Doctor’s Offices:  I mean, could there be anything worse to have to live through when you have contamination OCD?  I schedule all our yearly appointments in the summertime.  All of them!  Physicals, blood work, the kids’ yearly appointments (convenient they both have summer birthdays anyways), dermatologist appointments, dentist appointments, OB appointments and even eye doctor appointments for Brock.  With all of my anxiety, I have a lot of appointments and follow ups with my psychiatrist, therapist and hormone replacement doctor.  Thank goodness they don’t typically see sick patients.  My hormone replacement therapy doctor is a nurse practitioner, so technically she can see sick patients, but most of the time, she doesn’t.  Even so, I try to get everything out of the way before November, if I can, when it comes to seeing her.  Thankfully my doctors, like the psychiatrist and therapist’s offices, aren’t intimidating to me, because like I said, they shouldn’t be seeing sick patients.  And, their offices are not in medical buildings, so there’s no threat of sick patients going to see other doctor’s in the building they practice in.  There usually comes a time when I do unfortunately have to take a sick kiddo to the doctor.  I feel too guilty having Brock or my mom do it, so I will go, but I will have my mom go with me since Brock can’t get off work as easily.  I don’t touch the door handles at all (thank goodness for the handicap buttons that open doors!) and I sign in with my own pen.  I don’t bring my purse in or my phone (less to sanitize later) so basically I cram a pen, hand sanitizer and my insurance card into my pockets.  Honestly, I don’t care what anyone thinks when I’m at the doctor.   In the room, I don’t let the kids touch anything.  They literally sit on the exam table and we just chat about our day until the doctor comes in.  Thankfully, my insurance doesn’t require a co-pay, so when we go to “checkout” after the appointment, I never have to give them anything.  When it comes to myself and going to the doctor….ugh, it has to be BAD before I go.  Last year, late in the fall, I had a killer sinus infection.  My ears hurt so bad I couldn’t lay my head on a pillow and the left side of my face felt like it was going to fall off. (I have a deviated septum and when I get a sinus infection, the left side of my face and left ear suffer the worst…like you really wanted to know that, but now you do.  You’re welcome.  Also, on a side note, I need the sinus surgery.  I’m sure it will go exactly like it did for Jennifer Aniston….and I will magically sleep better, get less sinus infections and be gifted with a slimmer nose.)  So back to the story.  I had to make an appointment and go to the doctor, during what was ramping up to be the worst flu season in history.  I walked into the office and immediately, another person walks in behind me wearing a mask.  I think a part of me died inside.  I didn’t know if they were wearing the mask to avoid giving everyone else their sickness, or they were wearing it to avoid sickness.  Either way, I got up, walked to the furthest corner of the room and prayed I would get called back next and I’m pretty sure I was holding my breath.  It was brutal.  Also, my doctor’s office has a finger device to measure heartbeat.  Listen, the LAST thing I want to do is use devices like this, and the blood pressure cuff, that sick people have used before me.  Sinus infections aren’t contagious, but the flu is.  I left there, went home and took a shower, then sprayed Lysol in my car, and on my purse, because even though it wasn’t in the office with me….I felt like I needed to.   So this is how I handle doctor’s offices.  Ya, I know.  So well, right?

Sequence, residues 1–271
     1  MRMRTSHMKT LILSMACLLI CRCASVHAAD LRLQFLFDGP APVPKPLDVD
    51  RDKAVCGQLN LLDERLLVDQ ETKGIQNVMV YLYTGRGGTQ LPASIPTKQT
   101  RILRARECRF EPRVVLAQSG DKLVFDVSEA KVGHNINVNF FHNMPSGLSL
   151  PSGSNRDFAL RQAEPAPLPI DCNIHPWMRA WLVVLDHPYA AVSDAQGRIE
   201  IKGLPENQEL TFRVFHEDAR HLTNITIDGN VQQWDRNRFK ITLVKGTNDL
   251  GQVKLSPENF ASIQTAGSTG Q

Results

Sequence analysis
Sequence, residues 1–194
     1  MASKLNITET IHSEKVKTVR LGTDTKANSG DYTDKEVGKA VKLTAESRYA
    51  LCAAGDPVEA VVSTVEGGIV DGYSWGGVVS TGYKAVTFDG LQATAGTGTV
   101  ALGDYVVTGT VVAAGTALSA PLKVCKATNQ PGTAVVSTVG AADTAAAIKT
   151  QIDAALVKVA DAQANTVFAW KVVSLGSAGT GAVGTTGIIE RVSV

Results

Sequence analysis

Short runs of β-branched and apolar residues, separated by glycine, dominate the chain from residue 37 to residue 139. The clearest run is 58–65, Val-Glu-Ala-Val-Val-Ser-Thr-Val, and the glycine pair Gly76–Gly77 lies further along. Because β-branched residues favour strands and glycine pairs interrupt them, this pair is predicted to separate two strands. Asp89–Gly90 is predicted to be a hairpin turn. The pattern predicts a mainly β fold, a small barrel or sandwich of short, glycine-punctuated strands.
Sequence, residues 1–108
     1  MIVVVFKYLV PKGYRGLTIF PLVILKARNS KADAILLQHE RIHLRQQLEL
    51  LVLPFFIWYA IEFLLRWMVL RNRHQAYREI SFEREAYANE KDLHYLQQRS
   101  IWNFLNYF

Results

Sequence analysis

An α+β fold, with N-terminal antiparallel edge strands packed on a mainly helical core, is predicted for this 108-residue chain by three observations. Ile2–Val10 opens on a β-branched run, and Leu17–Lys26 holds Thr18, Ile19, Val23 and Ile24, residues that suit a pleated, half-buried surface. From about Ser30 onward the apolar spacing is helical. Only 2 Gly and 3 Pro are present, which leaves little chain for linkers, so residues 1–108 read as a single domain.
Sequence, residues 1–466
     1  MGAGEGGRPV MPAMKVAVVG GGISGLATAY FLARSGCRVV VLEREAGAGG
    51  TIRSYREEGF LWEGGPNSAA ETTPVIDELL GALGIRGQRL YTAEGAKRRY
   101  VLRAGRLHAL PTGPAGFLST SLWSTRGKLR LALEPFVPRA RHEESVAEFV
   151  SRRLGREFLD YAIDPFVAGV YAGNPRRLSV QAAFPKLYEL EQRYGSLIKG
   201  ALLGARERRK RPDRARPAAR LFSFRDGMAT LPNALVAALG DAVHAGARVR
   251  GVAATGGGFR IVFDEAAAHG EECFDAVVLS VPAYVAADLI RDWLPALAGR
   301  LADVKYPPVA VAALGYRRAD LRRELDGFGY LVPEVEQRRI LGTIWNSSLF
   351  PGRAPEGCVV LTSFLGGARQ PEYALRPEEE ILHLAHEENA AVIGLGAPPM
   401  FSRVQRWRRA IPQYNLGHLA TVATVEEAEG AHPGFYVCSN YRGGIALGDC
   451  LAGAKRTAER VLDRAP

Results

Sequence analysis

Kids’ activities at school:  Let me be honest.  You can’t control school.  Kids have to go.  I just try not to think about how many times they pick their noses and eat their boogers a day after not washing their hands.  OK now that that’s been said, when Brayden started kindergarten, I was totally the mom that made sure I was at every single event, field trip and picnic.  1st grade was the same.  In 2nd grade I started realizing it was harder and harder for me to play room mom, especially in the winter months.  So, I just decided I would do what I could, which usually meant a fall field trip, Halloween party, spring field trip and then all the events at the end of the school year.  It made me feel horribly awful not being there for his Christmas and Valentine’s day parties.  Like, to the point that I cried one night thinking about it.  But….I – just – couldn’t…..  I remember asking Brayden how his 2nd grade Christmas party went and he said to me that one of the girls he was in a group with didn’t make it to the bathroom before throwing up.  And this, my friends, is why I shy away from winter events!  Last year when he was in 3rd grade I went on the fall field trip and couldn’t help with the Halloween party because of a work commitment.  That was pretty much it until the end of the school year, but of course by that time, my panic disorder had kicked in, so it made it even harder.  I made my mom go with me to his wax museum & speech and skipped field day and the walk-a-thon, which I always looked forward to.  I also try to volunteer for one holiday party at Mason’s school (Pre-K) as well.  Last year I volunteered for the Thanksgiving feast and it was one of the cutest things ever!  But this year….I’m reluctant to volunteer for anything with the onset of this panic disorder in addition to the OCD.  I know I need to make myself though!  I have learned this much, younger kids put more in their mouths, which means they usually get sick more.  Therefore, as extremely adorable as they are and as much as I love to see 3 year olds line up patiently to toss bean bags into pumpkins or pin the star on the manger…I just can’t handle it as much (especially in the winter) as I would love, or as much as I used to be able to!  I’ve made peace with my mom guilt and just do the best I can in these situations.